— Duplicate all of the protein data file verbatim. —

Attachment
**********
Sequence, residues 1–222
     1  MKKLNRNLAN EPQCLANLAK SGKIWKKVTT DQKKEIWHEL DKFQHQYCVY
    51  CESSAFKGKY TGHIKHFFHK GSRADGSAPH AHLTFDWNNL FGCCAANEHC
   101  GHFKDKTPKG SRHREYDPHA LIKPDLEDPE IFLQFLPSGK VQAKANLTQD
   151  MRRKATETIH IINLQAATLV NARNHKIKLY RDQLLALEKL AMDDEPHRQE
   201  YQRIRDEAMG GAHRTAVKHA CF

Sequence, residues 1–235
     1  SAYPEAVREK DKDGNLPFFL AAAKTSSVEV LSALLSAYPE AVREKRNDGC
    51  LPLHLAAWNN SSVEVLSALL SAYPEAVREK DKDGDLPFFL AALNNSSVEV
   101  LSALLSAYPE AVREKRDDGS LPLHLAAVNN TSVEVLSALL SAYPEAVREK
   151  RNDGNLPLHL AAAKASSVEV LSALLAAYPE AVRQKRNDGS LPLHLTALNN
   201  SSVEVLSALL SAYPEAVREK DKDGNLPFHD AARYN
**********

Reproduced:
Sequence, residues 1–222
     1  MKKLNRNLAN EPQCLANLAK SGKIWKKVTT DQKKEIWHEL DKFQHQYCVY
    51  CESSAFKGKY TGHIKHFFHK GSRADGSAPH AHLTFDWNNL FGCCAANEHC
   101  GHFKDKTPKG SRHREYDPHA LIKPDLEDPE IFLQFLPSGK VQAKANLTQD
   151  MRRKATETIH IINLQAATLV NARNHKIKLY RDQLLALEKL AMDDEPHRQE
   201  YQRIRDEAMG GAHRTAVKHA CF

Sequence, residues 1–235
     1  SAYPEAVREK DKDGNLPFFL AAAKTSSVEV LSALLSAYPE AVREKRNDGC
    51  LPLHLAAWNN SSVEVLSALL SAYPEAVREK DKDGDLPFFL AALNNSSVEV
   101  LSALLSAYPE AVREKRDDGS LPLHLAAVNN TSVEVLSALL SAYPEAVREK
   151  RNDGNLPLHL AAAKASSVEV LSALLAAYPE AVRQKRNDGS LPLHLTALNN
   201  SSVEVLSALL SAYPEAVREK DKDGNLPFHD AARYN